During this Holiday Season I need this verse in front of me constantly! So much to do, so little time, that sometimes I get very impatient. And what’s so funny, is that all those long lines are made up of the same impatient people that don’t want to be there either! This Scripture tells us to always try to be kind…goodhearted, and considerate to each other…even in the Holiday rush and crush of people. And if we can stop, take a deep breath, and consider the big picture of what Christmas really means…our agenda and plans will pale in comparison. So just think for a moment…it doesn’t take much effort to show kindness rather than being insensitive and rude.
Unity and mutual care for one another…that’s what the early Church did on a daily basis. With steadfastness and faithfulness to the Gospel, they walked out their lives in very practical but focused ways. They approached each day with open hands and open hearts…looking for needs and filling them. The early Church was centered around goodwill towards others…of encouragement and sharing…of loving one another. And the Lord added to their numbers daily. For people saw the Gospel being played out in front of them and they wanted what these Believers had. The world is still looking for that today…for care, and compassion…for love and acceptance. For the Church of the present has the same responsibility and opportunity to impact the world for Christ as the early Church did…maybe even more.
It tells us earlier in Acts that, “All the Believers were together and had everything in common. Selling their possessions and goods, they gave to anyone as he had need.” (Acts 2:44-45) This is how the early Church functioned…their inward focus was on unity and mutual care for one another. For they took the Lord’s charge to “Love one another” very seriously. And because of everyone’s personal commitment to “see a need, fill a need” …the early Church exploded. So I ask you, what would happen if all Believers committed to the “see a need, fill a need” directive…not waiting for someone else to do it, or thinking it’s only the Pastor’s responsibility? The early Church’s focus was on perfect unity and mutual care for one another…the Church today could only benefit from this same focus.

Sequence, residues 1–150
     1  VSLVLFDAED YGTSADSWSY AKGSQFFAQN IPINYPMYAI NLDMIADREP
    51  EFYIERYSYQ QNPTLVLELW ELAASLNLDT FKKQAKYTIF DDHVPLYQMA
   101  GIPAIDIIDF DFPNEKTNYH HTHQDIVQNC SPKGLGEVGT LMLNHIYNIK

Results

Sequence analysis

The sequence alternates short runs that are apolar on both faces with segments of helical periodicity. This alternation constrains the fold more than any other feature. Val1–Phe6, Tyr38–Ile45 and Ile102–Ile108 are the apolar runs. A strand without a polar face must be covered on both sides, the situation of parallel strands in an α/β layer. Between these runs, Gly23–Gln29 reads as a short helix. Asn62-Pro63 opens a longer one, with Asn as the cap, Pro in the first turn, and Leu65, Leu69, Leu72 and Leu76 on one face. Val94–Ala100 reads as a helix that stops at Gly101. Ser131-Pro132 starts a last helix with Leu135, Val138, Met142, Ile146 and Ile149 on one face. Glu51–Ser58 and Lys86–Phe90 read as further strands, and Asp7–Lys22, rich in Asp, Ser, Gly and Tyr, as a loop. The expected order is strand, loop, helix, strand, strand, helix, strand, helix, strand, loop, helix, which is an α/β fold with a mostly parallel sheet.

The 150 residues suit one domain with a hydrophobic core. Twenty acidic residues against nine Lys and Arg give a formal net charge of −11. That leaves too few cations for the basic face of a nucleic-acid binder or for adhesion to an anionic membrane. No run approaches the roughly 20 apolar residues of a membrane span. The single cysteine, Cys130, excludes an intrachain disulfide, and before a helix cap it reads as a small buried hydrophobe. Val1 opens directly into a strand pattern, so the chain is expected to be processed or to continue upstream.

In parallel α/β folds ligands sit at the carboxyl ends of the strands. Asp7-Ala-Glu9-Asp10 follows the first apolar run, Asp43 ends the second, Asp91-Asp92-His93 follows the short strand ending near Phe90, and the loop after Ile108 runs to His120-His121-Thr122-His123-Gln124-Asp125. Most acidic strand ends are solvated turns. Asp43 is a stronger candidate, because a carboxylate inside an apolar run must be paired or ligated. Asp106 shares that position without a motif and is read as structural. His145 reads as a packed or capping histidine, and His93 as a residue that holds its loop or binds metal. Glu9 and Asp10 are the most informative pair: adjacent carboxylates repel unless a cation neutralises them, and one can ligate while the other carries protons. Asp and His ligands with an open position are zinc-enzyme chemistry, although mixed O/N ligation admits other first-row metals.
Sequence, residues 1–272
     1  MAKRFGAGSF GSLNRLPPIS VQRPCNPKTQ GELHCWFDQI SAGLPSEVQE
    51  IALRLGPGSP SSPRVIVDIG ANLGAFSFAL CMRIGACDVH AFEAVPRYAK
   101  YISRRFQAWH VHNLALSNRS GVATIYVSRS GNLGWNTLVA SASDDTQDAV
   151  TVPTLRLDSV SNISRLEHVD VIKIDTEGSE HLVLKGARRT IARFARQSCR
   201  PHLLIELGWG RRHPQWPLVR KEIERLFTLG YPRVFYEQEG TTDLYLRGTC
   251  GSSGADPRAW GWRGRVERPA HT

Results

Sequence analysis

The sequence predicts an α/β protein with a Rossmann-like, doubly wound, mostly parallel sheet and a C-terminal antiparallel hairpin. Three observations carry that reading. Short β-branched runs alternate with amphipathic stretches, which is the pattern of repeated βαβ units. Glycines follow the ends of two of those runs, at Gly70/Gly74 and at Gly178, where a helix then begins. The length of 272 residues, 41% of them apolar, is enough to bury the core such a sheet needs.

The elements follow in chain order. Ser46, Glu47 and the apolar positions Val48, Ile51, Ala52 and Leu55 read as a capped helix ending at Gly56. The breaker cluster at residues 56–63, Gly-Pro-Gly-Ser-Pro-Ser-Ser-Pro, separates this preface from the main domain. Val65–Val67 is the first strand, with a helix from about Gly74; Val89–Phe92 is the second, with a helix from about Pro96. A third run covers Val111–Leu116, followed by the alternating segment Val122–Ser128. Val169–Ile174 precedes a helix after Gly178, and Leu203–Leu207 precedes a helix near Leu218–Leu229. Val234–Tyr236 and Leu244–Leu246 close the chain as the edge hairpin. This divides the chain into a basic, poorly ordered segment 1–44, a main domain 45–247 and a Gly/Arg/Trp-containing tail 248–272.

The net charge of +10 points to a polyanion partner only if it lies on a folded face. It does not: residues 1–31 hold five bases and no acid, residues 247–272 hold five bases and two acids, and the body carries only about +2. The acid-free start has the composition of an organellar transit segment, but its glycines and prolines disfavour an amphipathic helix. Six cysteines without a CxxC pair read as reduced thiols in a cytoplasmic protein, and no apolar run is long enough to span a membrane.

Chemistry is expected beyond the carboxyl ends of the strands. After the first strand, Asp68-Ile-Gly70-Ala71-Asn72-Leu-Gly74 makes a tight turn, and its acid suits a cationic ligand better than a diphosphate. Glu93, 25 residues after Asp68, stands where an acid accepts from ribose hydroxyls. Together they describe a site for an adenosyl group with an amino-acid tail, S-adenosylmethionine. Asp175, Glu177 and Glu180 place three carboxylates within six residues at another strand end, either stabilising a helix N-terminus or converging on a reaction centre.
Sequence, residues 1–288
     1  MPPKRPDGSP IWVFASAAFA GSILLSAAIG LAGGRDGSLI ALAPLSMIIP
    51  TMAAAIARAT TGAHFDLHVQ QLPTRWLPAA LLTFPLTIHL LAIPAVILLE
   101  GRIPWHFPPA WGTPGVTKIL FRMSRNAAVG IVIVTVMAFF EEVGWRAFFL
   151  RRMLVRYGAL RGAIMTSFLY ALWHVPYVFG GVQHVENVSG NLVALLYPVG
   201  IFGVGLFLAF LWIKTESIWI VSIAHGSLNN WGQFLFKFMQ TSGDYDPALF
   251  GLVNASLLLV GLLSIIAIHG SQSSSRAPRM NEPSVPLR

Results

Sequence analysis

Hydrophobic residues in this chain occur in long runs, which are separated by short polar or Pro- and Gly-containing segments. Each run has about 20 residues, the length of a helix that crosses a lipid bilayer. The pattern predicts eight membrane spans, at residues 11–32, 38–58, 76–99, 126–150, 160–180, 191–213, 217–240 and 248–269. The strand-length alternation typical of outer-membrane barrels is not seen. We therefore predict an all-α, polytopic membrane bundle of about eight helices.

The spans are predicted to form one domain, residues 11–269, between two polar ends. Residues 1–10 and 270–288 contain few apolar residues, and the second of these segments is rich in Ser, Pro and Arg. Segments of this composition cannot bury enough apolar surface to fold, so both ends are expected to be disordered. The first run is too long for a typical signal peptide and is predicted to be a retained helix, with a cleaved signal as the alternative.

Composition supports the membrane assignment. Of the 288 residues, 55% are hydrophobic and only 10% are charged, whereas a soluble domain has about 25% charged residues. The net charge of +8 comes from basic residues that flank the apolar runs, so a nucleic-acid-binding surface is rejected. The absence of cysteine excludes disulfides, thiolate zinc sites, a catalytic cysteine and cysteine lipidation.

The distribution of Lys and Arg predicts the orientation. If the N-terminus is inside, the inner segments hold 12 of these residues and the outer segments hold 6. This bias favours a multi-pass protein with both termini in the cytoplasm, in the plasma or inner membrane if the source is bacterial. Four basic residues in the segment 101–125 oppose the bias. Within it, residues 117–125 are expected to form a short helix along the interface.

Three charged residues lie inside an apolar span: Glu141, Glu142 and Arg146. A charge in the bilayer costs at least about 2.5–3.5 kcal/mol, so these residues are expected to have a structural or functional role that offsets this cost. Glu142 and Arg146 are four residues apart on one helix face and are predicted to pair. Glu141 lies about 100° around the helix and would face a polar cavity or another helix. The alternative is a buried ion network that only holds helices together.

Jesus summed up best how we should conduct ourselves when it comes to the people in our lives that are unappreciative, ungrateful, and just plain mean. In Luke 6:35-36 Jesus tells us, “But love your enemies, do good to them, and lend to them without expecting to get anything back. Then your reward will be great, and you will be sons of the Most High, because He is kind to the ungrateful and wicked. Be merciful, just as your Father is merciful.” Doing the right thing for someone who is critical and inconsiderate goes against everything we’re made of…but Christ reminds us that He shows mercy to all, and we should also.
I use the King James version of this Scripture today… because it states that it was the Church that God was adding to daily…(other versions say – God added to their numbers). So what was so different about this particular group of people? What we saw was unity and mutual care for one another. There was fellowship, prayer, and the breaking of bread among them…but there was also evangelism outside the four walls. The early Church was a delicate balance of both inward and outward focus…and God added to their numbers daily.
You can ask my husband, I intentionally engage checkout clerks, wait staff and anyone else who may be helping me. I am polite and courteous, asking how their day is going and allowing them to talk. I ask thoughtful questions and encourage them with kind-hearted words. The other day I was speaking to a sleepy looking cashier at a large retail store…come to find out he had worked until 1am and was back again at 4am for his next shift. Sadly, we become so focused on our own agenda…our own needs…our own impatience – that we totally forget that it’s another human being standing in front of us, with their own story. I challenge you this holiday season to give a kind word to all those assisting you…for you don’t know how it may cheer them up.
Demonstrating kindness to others can only benefit ourselves…for it doesn’t cost a thing to be kind. Matthew 7:12 is considered “The Golden Rule”, its principle being, we need to treat others as we would wish to be treated. But instead, we human beings usually demand love, respect, and appreciation… whether we deserve it or not. The Golden Rule simply says…Do you want respect, love and appreciation?…then show respect, love and appreciation to others first. Jesus desires us to be proactive in our kindness…not waiting until someone is kind to us first, but rather reaching out with kindness first, regardless if it’s reciprocated or not.